• 11.
    Eriksson, Ola
    et al.
    Linköping University, Department of Biomedical Engineering. Linköping University, The Institute of Technology.
    Wårdell, Karin
    Linköping University, Department of Biomedical Engineering. Linköping University, The Institute of Technology.
    In-vitro size estimation of protein clots generated by brain electrodes1998In: Proceedings of the 20th Annual International Conference of the IEEE Engineering in Medicine and Biology Society, 1998 / [ed] H. K. Chang, Y. T. Zhang, Hong Kong: IEEE , 1998, p. 1783-Conference paper (Refereed)
    Abstract [en]

    A method for in-vitro size estimation of protein clots generated by brain electrodes is presented. Radiofrequency generated thermal brain lesions are widely used in functional neurosurgery and in-vitro tests are used to confirm the electrodes' ability to generate lesions. To be able to estimate the size of protein clots generated in-vitro by brain electrodes, a computer-assisted video system was set up. The size estimation is carried out by software using two captured images of the protein clot. The “true” length and width (9.5 mm) of a sphere as measured with a slide-caliper differed at the most 0.5 mm (5%) and 0.3 mm (3%) respectively, all random errors fall within 2s.d

  • 12.
    Eriksson, Ola
    et al.
    Linköping University, Department of Biomedical Engineering, Biomedical Instrumentation. Linköping University, The Institute of Technology.
    Wårdell, Karin
    Linköping University, Department of Biomedical Engineering, Biomedical Instrumentation. Linköping University, The Institute of Technology.
    Optical changes as a marker for lesion size estimation during radio frequency ablation: a model study2001In: SPIE Proceedings | Volume 4254 | Guidance, Surgical-Assist and Treatment Systems / [ed] Warren S. Grundfest; David A. Benaron; Tuan Vo-Dinh, 2001, Vol. 4254, p. 164-171Conference paper (Other academic)
    Abstract [en]

    Stereotactic radiofrequency (RF)-lesioning in the central part of the brain is performed on patients that, for instance, have severe movement or psychiatric disorders. The size of the generated lesion can to some extent be controlled by RF-generator settings such as temperature and time as well as the electrode configuration. Today, MR- imaging and CT are the essential diagnostic methods to confirm the lesion size in vivo. The aim of this study was to investigate whether it is possible to use changes in the reflected light intensity and laser Doppler flowmetry as a marker for size estimation during RF-lesioning.

  • 13.
    Eriksson, Ola
    et al.
    Linköping University, Department of Biomedical Engineering. Linköping University, The Institute of Technology.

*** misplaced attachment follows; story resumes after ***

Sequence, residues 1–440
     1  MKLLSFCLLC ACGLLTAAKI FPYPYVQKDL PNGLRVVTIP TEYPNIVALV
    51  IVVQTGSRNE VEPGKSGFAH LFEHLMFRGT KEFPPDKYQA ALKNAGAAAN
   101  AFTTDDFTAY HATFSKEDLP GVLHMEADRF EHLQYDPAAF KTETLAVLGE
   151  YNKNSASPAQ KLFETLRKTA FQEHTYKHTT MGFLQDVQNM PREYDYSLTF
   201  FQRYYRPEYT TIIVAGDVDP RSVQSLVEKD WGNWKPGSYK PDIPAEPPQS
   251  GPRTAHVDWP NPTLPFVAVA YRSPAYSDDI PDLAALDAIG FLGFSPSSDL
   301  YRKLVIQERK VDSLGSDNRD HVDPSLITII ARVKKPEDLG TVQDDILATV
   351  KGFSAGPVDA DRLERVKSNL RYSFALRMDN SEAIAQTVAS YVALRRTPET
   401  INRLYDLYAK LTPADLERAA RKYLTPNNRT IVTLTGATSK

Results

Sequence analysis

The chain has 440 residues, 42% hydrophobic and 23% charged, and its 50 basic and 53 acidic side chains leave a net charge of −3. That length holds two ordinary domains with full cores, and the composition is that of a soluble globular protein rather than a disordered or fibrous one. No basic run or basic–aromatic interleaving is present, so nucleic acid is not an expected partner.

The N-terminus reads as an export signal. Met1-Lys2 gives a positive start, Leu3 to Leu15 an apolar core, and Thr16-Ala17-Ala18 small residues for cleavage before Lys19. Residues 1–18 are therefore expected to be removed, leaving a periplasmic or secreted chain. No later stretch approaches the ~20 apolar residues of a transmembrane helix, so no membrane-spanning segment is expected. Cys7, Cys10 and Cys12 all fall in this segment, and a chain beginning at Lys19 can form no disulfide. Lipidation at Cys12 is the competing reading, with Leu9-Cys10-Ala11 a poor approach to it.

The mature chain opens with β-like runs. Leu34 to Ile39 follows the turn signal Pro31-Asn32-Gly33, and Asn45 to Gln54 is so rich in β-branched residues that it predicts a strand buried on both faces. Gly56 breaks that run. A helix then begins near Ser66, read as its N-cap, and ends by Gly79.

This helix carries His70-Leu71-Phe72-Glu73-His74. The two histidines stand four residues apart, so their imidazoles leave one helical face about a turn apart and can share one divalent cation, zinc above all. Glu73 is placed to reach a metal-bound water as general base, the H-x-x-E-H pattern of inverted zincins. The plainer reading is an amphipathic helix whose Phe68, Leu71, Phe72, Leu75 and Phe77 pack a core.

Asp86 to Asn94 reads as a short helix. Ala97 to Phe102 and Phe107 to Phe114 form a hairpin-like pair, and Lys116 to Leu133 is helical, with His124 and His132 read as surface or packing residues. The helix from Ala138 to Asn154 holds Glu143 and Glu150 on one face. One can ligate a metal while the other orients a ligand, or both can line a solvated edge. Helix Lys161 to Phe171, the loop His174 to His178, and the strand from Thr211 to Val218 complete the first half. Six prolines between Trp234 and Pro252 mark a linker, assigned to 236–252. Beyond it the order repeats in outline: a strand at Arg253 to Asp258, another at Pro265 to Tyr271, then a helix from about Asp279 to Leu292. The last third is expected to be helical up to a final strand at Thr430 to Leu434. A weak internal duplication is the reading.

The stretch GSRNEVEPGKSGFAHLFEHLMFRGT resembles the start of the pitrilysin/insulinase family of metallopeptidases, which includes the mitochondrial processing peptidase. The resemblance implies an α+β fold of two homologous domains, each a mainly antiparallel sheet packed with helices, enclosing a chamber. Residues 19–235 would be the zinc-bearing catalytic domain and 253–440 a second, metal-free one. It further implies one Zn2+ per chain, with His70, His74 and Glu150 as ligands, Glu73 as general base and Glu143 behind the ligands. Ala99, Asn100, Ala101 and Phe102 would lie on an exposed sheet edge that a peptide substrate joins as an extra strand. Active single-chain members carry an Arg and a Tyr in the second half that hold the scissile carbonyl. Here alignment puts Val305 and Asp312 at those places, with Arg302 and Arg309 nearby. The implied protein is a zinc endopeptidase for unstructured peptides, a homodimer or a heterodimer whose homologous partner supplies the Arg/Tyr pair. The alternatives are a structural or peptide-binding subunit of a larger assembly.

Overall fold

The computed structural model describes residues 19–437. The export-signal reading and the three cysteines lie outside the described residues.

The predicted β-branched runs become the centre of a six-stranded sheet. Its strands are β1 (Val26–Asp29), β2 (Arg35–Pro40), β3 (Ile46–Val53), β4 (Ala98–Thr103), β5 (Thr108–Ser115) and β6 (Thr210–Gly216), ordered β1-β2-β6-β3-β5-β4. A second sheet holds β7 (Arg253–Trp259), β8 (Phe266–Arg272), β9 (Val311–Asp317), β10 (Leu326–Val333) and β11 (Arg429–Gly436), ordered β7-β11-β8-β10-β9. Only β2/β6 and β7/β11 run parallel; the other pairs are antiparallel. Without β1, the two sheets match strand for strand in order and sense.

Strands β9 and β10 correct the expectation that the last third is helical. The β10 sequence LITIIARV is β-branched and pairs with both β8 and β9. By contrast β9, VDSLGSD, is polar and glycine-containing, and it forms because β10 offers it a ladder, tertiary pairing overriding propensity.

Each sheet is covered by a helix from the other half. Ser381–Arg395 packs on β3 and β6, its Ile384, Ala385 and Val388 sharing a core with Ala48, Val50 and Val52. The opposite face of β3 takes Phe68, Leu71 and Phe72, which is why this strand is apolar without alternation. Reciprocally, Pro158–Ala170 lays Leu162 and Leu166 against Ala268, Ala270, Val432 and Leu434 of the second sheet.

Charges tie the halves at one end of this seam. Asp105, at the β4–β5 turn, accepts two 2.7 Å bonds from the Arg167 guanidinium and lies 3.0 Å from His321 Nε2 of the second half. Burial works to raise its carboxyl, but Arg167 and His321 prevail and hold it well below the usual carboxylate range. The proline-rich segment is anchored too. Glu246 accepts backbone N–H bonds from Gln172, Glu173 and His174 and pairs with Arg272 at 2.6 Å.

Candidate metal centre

Wårdell, Karin
    Linköping University, Department of Biomedical Engineering. Linköping University, The Institute of Technology.
    Eriksson-Bylund, Nina
    Linköping University, Department of Biomedical Engineering. Linköping University, The Institute of Technology.
    Kullberg, Gunvor
    Department of Neurosurgery, University of Lund, Lund, Sweden.
    Rehncrona, Stig
    Department of Neurosurgery, University of Lund, Lund, Sweden.
    In vitro evaluation of brain lesioning electrodes (Leksell) using a computer-assisted video system1999In: Neurological Research, ISSN 0161-6412, E-ISSN 1743-1328, Vol. 21, no 1, p. 89-95Article in journal (Refereed)
    Abstract [en]

    Radiofrequency (RF) generated thermal brain lesions are widely used in functional neurosurgery. The size, shape and development of the lesions depends on system parameter settings and the electrode configuration. Difficulties in studying the effect of these factors in vivo stimulated us to develop an in vitro system for standardized comparison between different electrodes and physical parameters. A computer-assisted video system was set-up allowing continuous video recording of RF-generated coagulations in either a standard albumin solution or in the fresh white of a hen's egg as transparent test substrates. Ten lesions were made with each test electrode (two bipolar and three monopolar) in each of the two substrates at 70 degrees, 80 degrees and 90 degrees C (t = 60 sec). Due to the better homogeneity the lesions in the albumin solution were much more regular and reproducible. This made it possible to calculate the size (width 2.2 +/- 0.1 to 5.3 +/- 0.1 mm and length 3.0 +/- 0.1 to 8.7 +/- 0.3 mm) as well as the volume (8.5 +/- 1.4 mm3 to 133.5 +/- 26.8 mm3). It is concluded that this in vitro system offers a reproducible way to study and document the effect of different electrode configurations and RF-generator settings on the formation of a heat lesion. Even if the results are not directly applicable to the living human brain they give an estimate of the form and size of a coagulation lesion and can be of value for standardized comparisons between different electrodes.